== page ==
An annual Justice Department memo issued on Thursday shows that the Foreign Intelligence Surveillance Court (FISC) approved all 1,457 warrant requests from the NSA and FBI in 2015 to intercept the communications data of both foreigners and U.S. citizens.
In existence since the late 1970s, FISC is in effect a secret judicial arm of the U.S. government that acts to review surveillance requests of federal intelligence agencies, presumably to collect information about foreign spies and enemy combatants. In the last 36 years, FISC has only rejected 12 of 38,365 total warrant requests.
The memo also revealed that the FBI served 48,642 subpoenas — known as national security letters — in 2015 to data communications companies, forcing them to release private information about individuals which they had on file.
The FBI’s national security letters demanded personal information for 2,053 foreign nationals and 3,746 U.S. citizens and legal immigrants.
In related news, a report from the Office of the Director of National Intelligence (ODNI) published Monday shows that the NSA and CIA conducted 4,672 warrantless searches of the NSA’s “702” database “concerning a known U.S. person”, in 2015.
“702” refers to a section of the Foreign Intelligence Surveillance Act (FISA), amended in 2008, which allows DNI to collect data on non-U.S. citizens in foreign countries without prior authorization.
The number of searches on “known U.S. person[s]”, which excludes the number of FBI queries due to an exemption written into the USA Freedom Act, has doubled in the past two years.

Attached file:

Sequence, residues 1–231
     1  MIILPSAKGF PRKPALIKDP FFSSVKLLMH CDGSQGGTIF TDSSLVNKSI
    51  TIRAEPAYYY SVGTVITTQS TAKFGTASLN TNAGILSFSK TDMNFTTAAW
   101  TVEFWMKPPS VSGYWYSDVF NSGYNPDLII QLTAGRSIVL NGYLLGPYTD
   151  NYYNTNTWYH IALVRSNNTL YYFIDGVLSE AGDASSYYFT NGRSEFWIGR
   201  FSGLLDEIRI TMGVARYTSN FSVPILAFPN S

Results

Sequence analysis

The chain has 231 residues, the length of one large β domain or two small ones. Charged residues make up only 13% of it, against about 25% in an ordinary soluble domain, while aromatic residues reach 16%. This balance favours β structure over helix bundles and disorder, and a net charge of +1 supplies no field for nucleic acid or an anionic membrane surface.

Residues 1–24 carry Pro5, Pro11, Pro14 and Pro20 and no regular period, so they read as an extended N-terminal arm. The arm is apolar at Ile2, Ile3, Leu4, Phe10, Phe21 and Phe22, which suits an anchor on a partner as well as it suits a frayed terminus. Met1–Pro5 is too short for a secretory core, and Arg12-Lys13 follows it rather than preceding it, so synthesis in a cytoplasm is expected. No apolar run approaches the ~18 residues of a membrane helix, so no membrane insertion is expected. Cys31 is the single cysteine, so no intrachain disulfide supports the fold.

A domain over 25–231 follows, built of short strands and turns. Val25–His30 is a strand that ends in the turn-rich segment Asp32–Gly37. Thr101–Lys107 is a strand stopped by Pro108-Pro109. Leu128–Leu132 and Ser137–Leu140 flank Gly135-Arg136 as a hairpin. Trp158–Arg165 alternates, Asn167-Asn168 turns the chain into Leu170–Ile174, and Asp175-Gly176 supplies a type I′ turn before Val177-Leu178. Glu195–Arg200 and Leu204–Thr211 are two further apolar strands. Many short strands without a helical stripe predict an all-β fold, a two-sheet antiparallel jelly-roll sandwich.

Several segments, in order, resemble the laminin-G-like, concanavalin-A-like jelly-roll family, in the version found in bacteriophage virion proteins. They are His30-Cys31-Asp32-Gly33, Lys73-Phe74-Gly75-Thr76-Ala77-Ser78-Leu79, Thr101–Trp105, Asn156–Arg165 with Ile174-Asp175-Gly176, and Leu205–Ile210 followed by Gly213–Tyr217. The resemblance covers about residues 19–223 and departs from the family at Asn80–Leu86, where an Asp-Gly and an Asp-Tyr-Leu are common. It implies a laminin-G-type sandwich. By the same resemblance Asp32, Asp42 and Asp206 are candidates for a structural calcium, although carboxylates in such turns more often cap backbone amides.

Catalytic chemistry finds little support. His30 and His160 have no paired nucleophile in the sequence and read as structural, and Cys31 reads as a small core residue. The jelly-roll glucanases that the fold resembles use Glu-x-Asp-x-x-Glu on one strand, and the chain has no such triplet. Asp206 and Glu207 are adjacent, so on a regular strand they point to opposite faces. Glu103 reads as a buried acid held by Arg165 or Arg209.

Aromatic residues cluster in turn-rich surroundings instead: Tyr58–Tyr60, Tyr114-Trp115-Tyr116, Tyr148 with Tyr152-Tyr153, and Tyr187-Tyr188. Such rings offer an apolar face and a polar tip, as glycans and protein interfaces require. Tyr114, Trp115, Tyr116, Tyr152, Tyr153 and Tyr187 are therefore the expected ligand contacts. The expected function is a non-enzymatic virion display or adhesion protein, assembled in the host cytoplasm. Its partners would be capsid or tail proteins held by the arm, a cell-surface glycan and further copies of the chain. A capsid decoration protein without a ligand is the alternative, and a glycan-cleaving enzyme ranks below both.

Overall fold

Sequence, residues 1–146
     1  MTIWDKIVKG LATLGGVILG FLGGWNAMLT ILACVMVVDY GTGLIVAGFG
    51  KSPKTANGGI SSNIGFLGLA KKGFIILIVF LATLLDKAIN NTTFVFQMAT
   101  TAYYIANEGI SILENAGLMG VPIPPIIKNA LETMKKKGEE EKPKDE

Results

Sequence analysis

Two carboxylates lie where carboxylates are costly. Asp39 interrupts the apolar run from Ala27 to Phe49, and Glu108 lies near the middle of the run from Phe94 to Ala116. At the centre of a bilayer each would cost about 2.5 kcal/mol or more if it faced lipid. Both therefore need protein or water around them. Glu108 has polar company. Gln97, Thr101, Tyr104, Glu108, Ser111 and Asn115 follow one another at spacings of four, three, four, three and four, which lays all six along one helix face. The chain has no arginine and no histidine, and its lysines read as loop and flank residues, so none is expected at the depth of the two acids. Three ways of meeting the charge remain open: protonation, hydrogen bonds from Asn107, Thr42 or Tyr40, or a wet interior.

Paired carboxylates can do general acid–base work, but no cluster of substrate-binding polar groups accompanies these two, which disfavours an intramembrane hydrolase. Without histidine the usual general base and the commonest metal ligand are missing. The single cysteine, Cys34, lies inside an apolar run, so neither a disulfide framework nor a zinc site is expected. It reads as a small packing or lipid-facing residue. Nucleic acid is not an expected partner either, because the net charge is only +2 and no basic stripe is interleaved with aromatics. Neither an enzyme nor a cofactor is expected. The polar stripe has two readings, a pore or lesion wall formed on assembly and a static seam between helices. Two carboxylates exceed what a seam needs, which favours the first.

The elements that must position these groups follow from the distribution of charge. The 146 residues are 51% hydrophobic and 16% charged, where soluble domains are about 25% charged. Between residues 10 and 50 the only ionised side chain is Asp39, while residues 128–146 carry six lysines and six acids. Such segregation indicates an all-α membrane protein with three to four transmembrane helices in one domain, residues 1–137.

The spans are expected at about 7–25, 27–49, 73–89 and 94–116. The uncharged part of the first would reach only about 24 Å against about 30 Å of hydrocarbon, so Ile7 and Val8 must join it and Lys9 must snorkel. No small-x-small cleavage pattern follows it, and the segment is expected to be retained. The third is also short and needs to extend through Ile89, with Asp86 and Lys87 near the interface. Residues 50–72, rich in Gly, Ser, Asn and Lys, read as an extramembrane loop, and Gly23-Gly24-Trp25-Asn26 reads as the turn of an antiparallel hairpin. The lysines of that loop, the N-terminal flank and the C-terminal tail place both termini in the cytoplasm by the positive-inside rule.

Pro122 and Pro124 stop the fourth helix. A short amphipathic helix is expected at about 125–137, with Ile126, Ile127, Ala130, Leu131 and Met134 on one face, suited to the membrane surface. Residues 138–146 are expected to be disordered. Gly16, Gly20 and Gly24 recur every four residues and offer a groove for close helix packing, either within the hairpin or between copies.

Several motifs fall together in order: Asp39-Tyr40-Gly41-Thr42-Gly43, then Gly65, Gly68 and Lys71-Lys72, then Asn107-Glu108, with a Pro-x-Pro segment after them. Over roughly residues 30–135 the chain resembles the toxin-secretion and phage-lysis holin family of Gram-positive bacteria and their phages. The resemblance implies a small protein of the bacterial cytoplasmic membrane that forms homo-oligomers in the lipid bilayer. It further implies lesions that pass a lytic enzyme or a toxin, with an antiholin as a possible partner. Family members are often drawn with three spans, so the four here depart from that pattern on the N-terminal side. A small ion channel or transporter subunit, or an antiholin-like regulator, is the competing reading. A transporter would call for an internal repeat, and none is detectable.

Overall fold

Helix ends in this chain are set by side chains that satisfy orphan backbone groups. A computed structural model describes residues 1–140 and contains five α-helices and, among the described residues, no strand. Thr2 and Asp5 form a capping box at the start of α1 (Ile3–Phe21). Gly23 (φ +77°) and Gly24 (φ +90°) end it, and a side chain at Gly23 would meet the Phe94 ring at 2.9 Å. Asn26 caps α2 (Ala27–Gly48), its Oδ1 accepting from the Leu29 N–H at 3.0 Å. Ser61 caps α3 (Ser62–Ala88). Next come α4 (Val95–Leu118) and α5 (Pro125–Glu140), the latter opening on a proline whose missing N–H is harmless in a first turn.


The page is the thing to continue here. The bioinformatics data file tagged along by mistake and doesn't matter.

“The number of back-door searches doubling since last reported shows that warrantless Section 702 surveillance is a significant and growing problem for Americans,” said Constitution Project fellow, Jake Laperruque.
The DNI report also revealed that NSA and FBI alone performed 23,800 metadata searches of the database in 2015. Statistics from the CIA were unavailable at the time of publication.
While warrantless searches of internet communications — which includes data sent via servers transferring information to and from the United States — may sound borderline illegal, Director of National Intelligence James Clapper argues that it is perfectly legitimate because all the data being searched was previously collected in compliance with the FISA law.
However, privacy advocates such as Sen. Ron Wyden (R-OR) argue that, “If intelligence officials are deliberately searching for and reading the communications of specific Americans, the Constitution requires a warrant.”
Whether or not DNI or a specific intelligence agency like NSA is “deliberately” accessing the private communication data of American citizens, or if their information is simply being caught in a dragnet or bundled with that of a foreigner, is a question that has yet to be answered.
Fourteen members of the House Judiciary Committee sent a letter to Director Clapper on April 22 asking for a report on the exact amount of data is collected on U.S. citizens under Section 702 of FISA.
[Reuters] [ZDNet] [The Intercept] [Politico] [Photo courtesy ivn.us]